With the first phase of town-wide utility undergrounding starting this summer, the town soon must decide whether to install extra conduit to hold a future fiber-optic communication network.
Town officials have long said the undergrounding utilities project presents a rare opportunity to lay the groundwork for a town-owned fiber-optic system at the lowest possible cost.
That’s because the extra conduit can be installed along with the overhead power, phone and cable television lines that are already being buried.
The Town Council is expected to decide next month whether to install extra conduit as part of the phase one north and south utility undergrounding project.
The council discussed the issue earlier this month but delayed a decision until contractors could provide the cost of adding the conduit to phase one. Town Manager Tom Bradford said that will be available at the council’s Aug. 9 meeting.
Bradford said the town could use the fiber optic for high-speed communications and infrastructure management on a secure, town-owned network.
Laying the conduit would “future-proof” Palm Beach by enabling it to take advantage of emerging and still-to-come smart technology, he said.
Town Council President Richard Kleid said Tuesday that the conduit and fiber-optic network is not intended to be a money-maker for the town and would be for town government use.
“This is the wave of the future,” Kleid said. Uses could include “the ability to monitor the town’s pump systems from a central location, monitor traffic and control traffic lights, and much more speedy police and fire-rescue communications,” he said.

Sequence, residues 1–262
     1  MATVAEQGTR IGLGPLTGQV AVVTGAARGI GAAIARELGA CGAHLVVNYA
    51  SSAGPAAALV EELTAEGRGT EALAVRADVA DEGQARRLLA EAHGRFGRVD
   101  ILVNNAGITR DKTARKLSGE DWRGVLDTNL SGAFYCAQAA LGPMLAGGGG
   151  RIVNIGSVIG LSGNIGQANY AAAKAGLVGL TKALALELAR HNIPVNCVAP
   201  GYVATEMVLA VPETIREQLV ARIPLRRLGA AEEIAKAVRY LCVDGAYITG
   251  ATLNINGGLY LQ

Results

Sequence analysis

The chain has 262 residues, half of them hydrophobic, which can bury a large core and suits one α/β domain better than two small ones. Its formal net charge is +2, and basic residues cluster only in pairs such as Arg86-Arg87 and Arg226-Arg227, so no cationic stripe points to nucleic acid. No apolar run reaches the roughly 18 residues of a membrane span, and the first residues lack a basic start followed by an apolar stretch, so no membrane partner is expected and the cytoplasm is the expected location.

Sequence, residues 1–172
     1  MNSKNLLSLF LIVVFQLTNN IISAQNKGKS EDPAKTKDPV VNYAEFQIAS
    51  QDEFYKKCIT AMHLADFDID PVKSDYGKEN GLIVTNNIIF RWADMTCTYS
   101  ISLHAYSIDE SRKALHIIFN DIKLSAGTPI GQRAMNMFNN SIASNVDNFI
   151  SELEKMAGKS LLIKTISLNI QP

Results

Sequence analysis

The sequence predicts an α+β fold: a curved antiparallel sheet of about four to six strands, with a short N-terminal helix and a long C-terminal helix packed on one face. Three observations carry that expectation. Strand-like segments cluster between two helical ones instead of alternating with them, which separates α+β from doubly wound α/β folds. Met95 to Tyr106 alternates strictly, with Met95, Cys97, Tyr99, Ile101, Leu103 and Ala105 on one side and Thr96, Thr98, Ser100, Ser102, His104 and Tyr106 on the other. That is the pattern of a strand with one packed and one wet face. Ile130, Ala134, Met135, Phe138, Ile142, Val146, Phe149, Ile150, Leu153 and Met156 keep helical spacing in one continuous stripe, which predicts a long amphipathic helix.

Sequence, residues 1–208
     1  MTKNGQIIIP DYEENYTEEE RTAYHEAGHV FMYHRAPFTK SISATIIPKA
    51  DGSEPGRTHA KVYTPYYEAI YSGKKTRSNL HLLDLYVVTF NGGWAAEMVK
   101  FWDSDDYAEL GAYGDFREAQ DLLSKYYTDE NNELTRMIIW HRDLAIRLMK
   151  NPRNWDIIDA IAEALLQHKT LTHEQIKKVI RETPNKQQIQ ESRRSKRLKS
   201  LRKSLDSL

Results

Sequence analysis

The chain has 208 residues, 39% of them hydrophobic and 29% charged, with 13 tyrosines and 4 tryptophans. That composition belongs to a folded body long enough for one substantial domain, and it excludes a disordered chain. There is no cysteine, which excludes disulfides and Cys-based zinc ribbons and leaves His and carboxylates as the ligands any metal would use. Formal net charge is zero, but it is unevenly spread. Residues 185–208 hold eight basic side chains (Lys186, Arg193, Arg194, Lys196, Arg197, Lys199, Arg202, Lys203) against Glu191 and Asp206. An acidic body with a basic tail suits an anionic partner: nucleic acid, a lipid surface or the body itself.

The fiber-optic system might at some point accommodate driver-less, “connected” cars that will communicate with other vehicles, traffic lights and devices such as weather sensors, Bradford has said.
Questions facing the council in August include whether the new system would be affordable and how to pay for it. Bradford has said, in his estimation, it’s not appropriate to use the special assessments for the utility burial to pay for the extra conduit because it is not really part of that project.
Bradford has outlined several financing options, including drawing on revenue from the countywide one-cent sales surtax. The town’s share is expected to be $5 million over 10 years; the council recently earmarked $2.6 million of that for undergrounding.
One question facing the council is whether to limit the conduit to “backbone” or main transportation arteries or to extend it to the premises of residential and commercial properties throughout town so private property owners could take advantage of the fiber-optic technology.
Kimley-Horn and Associates, the town’s engineering consultant, has estimated the cost of extra conduit for phase one at $870,000 for backbone and $1.65 million for total installation. Town-wide, Kimley-Horn put the cost at nearly $3.8 million for backbone and $11.1 million for the total.
Those estimates are only for the conduit. The fiber would be installed in the conduit at some point in the future, Bradford said.
Bradford said those estimates “seem high” but noted they include contingencies of more than 20 percent and 3 percent annual inflation for the nine years of the town-wide undergrounding project.
The estimates also are based on a redundant system – one in which two separate 2-inch conduits are installed so there is a backup in case one of them is cut into or otherwise fails. But the council has the option of cutting the cost by eliminating the redundant line from the design, Bradford said.
“It’s future proofing,” Councilwoman Bobbie Lindsay said. “We are only opening the streets once in a 100 years.”
By William Kelly – Daily News Staff Writer